US unsure how to halt spread of WMDs: Armitage
* Says N-plans of N Korea, India, Pakistan and Iran are among most pressing global security concerns
WASHINGTON: The international system for halting the spread of weapons of mass destruction - a major post-Iraq challenge - is not up to the task and must be fixed, but the United States is not sure how, the Deputy Secretary of State, Richard Armitage, said on Wednesday.
With North Korea, Iran and South Asia posing threats to stability, he urged the world, as well as an audience at the elite National Defence University, to help the administration find solutions to the nuclear, chemical and biological arms problem. “I certainly don’t have all the answers on this. I can’t today tell you exactly how to fix what is broken or how to build the new structures we need to be safe,” Mr Armitage said. The United States justified its invasion of Iraq by citing the threat posed by Saddam Hussein’s weapons programmes.
While Iraq “illustrates the gaps we have in our global architecture for dealing with weapons of mass destruction, it is not the template. This is not a one size fits all policy,” Mr Armitage added.
Looking beyond Iraq, the nuclear programmes of North Korea, India, Pakistan and Iran and the hunt by terrorist groups for access to this technology “are among the most pressing global security concerns of our time”. “Yet, the system we have in place for dealing with such proliferation challenges does not really offer solutions for these problems,” he commented.
Mr Armitage referred to pacts like the Nuclear Non-proliferation Treaty and the Chemical Weapons Convention and organizations like the International Atomic Energy Agency and the Nuclear Suppliers Group, which were put in place to curb the most dangerous weapons.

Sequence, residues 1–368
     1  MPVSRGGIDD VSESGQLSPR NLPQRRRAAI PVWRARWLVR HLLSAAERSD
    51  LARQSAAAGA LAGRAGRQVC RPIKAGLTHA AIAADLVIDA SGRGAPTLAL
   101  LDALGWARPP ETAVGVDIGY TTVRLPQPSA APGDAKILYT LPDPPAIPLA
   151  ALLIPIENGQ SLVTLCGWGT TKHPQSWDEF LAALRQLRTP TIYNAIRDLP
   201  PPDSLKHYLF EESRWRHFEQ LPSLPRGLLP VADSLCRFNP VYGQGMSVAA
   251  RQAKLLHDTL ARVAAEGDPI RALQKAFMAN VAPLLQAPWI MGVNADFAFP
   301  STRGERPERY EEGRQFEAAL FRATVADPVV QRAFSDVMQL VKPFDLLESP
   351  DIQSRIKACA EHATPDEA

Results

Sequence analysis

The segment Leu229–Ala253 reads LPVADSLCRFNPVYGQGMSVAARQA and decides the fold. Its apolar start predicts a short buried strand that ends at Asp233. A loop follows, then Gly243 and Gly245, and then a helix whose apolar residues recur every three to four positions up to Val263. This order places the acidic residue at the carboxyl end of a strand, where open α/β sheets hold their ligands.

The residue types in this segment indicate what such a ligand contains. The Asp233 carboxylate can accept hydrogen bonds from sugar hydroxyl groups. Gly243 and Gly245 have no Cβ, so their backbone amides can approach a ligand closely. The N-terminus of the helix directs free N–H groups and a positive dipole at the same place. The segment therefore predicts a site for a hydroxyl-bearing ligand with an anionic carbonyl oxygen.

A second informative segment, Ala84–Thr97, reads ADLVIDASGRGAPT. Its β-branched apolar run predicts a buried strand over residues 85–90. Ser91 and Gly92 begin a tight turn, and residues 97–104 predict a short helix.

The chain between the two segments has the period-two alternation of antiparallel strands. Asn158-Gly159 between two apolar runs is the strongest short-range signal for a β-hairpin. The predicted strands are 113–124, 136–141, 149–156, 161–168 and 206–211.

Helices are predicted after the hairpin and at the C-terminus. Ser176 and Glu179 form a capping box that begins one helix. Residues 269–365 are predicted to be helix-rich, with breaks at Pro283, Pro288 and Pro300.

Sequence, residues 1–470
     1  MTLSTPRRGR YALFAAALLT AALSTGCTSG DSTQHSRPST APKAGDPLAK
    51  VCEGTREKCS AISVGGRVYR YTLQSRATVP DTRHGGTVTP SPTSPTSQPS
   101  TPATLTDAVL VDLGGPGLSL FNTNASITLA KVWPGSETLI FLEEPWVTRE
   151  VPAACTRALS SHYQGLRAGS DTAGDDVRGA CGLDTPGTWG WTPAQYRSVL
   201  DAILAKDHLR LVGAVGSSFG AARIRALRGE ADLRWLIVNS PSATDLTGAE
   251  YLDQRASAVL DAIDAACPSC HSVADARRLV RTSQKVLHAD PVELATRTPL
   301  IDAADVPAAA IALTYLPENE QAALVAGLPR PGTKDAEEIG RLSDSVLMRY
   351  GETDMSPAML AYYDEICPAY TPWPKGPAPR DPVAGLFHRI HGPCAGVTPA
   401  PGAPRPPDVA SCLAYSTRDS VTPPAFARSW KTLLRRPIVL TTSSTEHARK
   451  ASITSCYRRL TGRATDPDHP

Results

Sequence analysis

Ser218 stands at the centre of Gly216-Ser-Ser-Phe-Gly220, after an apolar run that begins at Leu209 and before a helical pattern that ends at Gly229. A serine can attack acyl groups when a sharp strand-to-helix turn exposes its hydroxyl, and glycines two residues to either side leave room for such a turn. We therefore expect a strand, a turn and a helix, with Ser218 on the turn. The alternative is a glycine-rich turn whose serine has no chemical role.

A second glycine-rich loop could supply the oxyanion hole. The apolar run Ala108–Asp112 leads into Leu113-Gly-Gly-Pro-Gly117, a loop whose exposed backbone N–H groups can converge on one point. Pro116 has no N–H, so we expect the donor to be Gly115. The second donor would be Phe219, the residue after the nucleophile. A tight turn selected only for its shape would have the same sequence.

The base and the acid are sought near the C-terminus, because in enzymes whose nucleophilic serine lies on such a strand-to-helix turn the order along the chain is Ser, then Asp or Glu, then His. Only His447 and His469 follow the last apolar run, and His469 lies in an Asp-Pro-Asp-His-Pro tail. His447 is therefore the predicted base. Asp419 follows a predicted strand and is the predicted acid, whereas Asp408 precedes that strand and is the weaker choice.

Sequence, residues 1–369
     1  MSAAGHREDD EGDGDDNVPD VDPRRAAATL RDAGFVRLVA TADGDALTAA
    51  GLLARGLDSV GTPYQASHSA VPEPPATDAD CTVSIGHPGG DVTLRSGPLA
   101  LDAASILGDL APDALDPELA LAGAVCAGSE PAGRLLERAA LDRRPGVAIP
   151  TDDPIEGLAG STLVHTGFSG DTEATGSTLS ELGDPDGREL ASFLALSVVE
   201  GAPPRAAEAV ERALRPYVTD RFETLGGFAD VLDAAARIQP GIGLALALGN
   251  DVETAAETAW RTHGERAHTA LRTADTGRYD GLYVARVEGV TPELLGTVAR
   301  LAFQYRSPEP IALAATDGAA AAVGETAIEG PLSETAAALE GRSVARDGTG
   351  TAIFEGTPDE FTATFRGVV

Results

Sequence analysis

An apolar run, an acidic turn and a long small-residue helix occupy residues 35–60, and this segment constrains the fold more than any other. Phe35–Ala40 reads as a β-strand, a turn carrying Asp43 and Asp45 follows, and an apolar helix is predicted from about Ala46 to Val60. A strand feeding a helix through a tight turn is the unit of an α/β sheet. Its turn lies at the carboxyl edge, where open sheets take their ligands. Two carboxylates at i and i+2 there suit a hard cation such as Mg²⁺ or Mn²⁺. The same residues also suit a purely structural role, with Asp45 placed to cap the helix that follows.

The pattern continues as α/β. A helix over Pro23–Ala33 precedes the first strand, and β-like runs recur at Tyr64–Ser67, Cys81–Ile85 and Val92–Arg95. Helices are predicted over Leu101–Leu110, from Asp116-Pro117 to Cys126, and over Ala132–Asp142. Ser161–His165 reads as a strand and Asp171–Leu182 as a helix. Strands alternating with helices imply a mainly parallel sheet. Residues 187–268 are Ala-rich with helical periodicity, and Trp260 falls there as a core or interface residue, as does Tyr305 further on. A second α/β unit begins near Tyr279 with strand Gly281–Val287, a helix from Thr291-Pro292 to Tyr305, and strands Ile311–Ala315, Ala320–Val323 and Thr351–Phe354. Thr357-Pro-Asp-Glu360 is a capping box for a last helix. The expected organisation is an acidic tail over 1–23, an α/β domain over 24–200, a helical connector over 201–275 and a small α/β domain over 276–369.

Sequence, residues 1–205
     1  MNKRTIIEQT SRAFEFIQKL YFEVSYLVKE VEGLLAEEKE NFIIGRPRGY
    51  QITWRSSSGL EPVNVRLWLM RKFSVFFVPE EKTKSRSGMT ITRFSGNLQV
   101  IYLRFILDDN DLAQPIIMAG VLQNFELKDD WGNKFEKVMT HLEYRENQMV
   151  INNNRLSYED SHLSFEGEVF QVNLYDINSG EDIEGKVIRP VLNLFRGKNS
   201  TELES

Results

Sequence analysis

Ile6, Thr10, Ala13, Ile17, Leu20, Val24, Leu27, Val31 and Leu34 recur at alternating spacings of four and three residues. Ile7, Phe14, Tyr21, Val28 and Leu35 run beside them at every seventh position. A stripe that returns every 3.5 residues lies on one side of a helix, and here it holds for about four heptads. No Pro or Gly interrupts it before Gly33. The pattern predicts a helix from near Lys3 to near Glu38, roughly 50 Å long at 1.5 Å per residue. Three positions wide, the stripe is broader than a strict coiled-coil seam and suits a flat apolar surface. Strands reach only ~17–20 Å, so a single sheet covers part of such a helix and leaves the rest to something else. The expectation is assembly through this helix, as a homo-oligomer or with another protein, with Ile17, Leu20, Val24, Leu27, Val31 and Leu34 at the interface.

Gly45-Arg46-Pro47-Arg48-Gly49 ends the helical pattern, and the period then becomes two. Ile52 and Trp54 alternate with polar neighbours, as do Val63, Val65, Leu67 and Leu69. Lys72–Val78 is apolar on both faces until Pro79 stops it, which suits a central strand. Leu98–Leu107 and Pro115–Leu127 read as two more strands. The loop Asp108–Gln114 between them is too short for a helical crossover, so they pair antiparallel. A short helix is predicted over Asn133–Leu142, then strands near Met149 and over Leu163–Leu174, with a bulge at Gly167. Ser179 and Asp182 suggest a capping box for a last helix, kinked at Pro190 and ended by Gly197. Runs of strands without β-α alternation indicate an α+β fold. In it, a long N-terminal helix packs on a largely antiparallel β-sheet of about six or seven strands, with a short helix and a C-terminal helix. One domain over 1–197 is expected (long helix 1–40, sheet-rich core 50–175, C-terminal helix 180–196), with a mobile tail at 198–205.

“This is a system that works to dampen the demand for such [weapons] capabilities and to deny the means to develop them with some success, but is not a system that has a clear and consistent way of dealing with nations who pass certain milestones,” he said.
For instance, the United States and the international community have not identified a comprehensive way to deal with the fact that Iran - which signed the treaty pledging not to develop nuclear weapons - has what American officials say is a robust nuclear weapons programme.
The same is true of India and Pakistan, which have not signed the treaty and have defied the international community by developing and testing nuclear weapons. A third case involves North Korea which, despite signing the treaty, has produced at least two nuclear weapons, according to the American officials, and has threatened to make more. Recently, Pyongyang announced its withdrawal from the treaty.
The George Bush administration is divided over how to deal with the North. Some like Mr Armitage favour engagement through negotiations while others want to isolate the communist leadership in an effort to encourage regime change. —Reuters